The “emissions certainty” touted by cap-and-trade supporters was put in perspective by the Financial Times: “[Carbon cap-and-trade systems] fix the amount of carbon abated, not its price. Getting the amount of emissions a little bit wrong in any year would hardly upset the global climate. But excessive volatility or unduly high prices of quotas on carbon emissions might disrupt the economy severely. [Carbon] taxes create needed certainty about prices, while markets in emission quotas [i.e., cap-and-trade systems] create unnecessary certainty about the short-term quantity of emissions.” Financial Times, Carbon Markets Create a Muddle, April 26, 2007.

In May 2007, CTC co-director Charles Komanoff examined the unsettling environmental politics behind cap-and-trade in a piece for Grist, while also debunking climate crisis denial from Nation columnist Alexander Cockburn. Environmental Defense posted a response, also in Grist, to which we replied in Grist. The full discussion is here on our blog. (In Feb. 2007, Grist also carried Environmental Defense’s argument against carbon taxing, and CTC’s rebuttal.)

That same month, during the 2007 Memorial Day weekend, the Los Angeles Times ran a superb and comprehensive (1,600 words) editorial Time for a Carbon Tax. Under the banner, “A carbon tax is the best, cheapest and most efficient way to combat cataclysmic climate change,” the editorial delivers a point-by-point refutation of arguments for settling for a carbon cap-and trade system. Here are key excerpts:

[F]or all its benefits, cap-and-trade still isn’t the most effective or efficient approach [for reducing carbon emissions]. That distinction goes to … a carbon tax. While cap-and-trade creates opportunities for cheating, leads to unpredictable fluctuations in energy prices and does nothing to offset high power costs for consumers, carbon taxes can be structured to sidestep all those problems while providing a more reliable market incentive to produce clean-energy technology.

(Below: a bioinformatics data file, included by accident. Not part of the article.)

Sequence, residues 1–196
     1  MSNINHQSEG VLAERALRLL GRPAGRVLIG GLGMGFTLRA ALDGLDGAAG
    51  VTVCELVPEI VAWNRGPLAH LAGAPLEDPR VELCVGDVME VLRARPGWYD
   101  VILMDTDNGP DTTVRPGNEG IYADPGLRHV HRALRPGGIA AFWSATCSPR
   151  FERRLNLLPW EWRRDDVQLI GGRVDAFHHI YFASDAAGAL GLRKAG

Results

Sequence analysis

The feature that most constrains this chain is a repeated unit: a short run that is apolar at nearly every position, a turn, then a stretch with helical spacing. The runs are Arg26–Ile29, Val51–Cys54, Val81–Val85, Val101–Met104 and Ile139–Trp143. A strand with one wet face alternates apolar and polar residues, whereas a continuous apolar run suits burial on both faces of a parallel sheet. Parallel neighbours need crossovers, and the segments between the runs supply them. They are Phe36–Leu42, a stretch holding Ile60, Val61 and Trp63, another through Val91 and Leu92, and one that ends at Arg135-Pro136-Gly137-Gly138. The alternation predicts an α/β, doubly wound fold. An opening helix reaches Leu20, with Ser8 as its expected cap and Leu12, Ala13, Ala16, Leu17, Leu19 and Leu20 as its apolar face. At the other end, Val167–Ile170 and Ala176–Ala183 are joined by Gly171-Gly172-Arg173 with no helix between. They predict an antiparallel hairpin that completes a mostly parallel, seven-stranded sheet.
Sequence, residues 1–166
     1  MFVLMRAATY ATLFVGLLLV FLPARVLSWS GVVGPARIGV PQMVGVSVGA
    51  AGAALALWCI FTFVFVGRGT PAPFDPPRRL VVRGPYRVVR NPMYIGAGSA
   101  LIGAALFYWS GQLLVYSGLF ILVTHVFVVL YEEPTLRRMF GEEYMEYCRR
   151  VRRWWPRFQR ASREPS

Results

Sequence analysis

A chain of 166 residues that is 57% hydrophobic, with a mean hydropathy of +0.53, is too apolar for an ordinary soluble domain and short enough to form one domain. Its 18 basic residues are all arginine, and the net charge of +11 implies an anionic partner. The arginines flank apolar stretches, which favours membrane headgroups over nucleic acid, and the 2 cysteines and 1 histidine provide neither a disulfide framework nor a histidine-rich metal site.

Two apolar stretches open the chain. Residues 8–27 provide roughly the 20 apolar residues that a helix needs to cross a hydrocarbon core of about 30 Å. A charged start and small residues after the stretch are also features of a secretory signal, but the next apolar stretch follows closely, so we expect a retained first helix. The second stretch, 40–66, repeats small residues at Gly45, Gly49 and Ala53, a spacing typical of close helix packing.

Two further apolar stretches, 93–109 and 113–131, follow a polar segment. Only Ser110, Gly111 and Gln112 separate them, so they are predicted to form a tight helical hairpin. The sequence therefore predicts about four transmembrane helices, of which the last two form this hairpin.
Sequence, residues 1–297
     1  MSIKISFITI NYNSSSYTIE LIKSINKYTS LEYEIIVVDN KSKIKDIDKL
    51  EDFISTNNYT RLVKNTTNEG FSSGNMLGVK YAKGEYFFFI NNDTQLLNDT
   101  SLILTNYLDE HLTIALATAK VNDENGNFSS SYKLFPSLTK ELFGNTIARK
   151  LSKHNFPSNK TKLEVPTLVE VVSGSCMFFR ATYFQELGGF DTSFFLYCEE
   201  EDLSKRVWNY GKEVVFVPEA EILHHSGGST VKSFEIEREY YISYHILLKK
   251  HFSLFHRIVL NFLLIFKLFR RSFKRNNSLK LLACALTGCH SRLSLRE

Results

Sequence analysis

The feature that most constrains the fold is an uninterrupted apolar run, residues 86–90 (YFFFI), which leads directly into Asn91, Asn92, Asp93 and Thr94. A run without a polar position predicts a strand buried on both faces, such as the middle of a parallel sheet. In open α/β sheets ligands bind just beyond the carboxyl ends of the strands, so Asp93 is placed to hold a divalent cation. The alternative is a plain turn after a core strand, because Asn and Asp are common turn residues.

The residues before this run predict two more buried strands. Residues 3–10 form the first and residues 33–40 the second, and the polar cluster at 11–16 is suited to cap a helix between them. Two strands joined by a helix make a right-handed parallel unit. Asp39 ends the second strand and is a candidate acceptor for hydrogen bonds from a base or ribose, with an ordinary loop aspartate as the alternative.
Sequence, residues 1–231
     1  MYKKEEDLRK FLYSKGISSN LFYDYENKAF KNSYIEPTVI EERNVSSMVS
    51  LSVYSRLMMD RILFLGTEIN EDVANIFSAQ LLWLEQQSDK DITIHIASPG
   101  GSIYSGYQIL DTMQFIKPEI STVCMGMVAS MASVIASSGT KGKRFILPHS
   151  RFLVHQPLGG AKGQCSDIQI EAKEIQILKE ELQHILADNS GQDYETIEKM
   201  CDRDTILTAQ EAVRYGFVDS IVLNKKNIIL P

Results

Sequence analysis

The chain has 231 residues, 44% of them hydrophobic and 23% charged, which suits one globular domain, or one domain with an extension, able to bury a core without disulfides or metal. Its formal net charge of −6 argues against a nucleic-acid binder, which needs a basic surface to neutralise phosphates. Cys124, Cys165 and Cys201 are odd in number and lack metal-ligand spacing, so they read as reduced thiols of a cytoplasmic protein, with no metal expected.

To understand the drawbacks of cap-and-trade, one has to look not only at the successful U.S. acid rain program but the failed European Emissions Trading Scheme, the first phase of which started in January 2005. European Union members each developed emissions goals, then passed out credits to polluters. Yet for a variety of reasons, the initial cap was set so high that the polluters fell under it without making any reductions at all. The Europeans are working to improve the scheme in the next phase, but their chances of success aren’t good.

One reason is the power of lobbyists. In Europe. as in the U.S., special interests have a way of warping the political process so that, for example, a corporation generous with its campaign contributions might win an excessive number of credits. It’s also very easy in many European countries to cheat; because there aren’t strong agencies to monitor and verify emissions, companies or utilities can pretend they’re cleaner than they are.

The latter problem might be avoided in the U.S. by beefing up the Environmental Protection Agency. But there’s reason to suspect that many of the corporate interests pushing for a federal cap-and-trade program are hoping for a seat at the table when credits are passed out, and they will doubtless fudge numbers to maximize their credits; some companies stand to make a great deal of money under a trading system. Also hoping to profit, honestly or not, would be carbon traders. Large financial institutions would jump into the exchange to collect commissions on carbon trades, just as they do with crude oil and wheat. This presents opportunities for Enron-style market manipulation.

Cap-and-trade would also have a nasty effect on consumers’ power bills. Say there’s a very hot summer week in California. Utilities would have to shovel more coal to produce more juice, causing their emissions to rise sharply. To offset the carbon, they would have to buy more credits, and the heavy demand would cause credit prices to skyrocket. The utilities would then pass those costs on to their customers, meaning that power bills might vary sharply from one month to the next.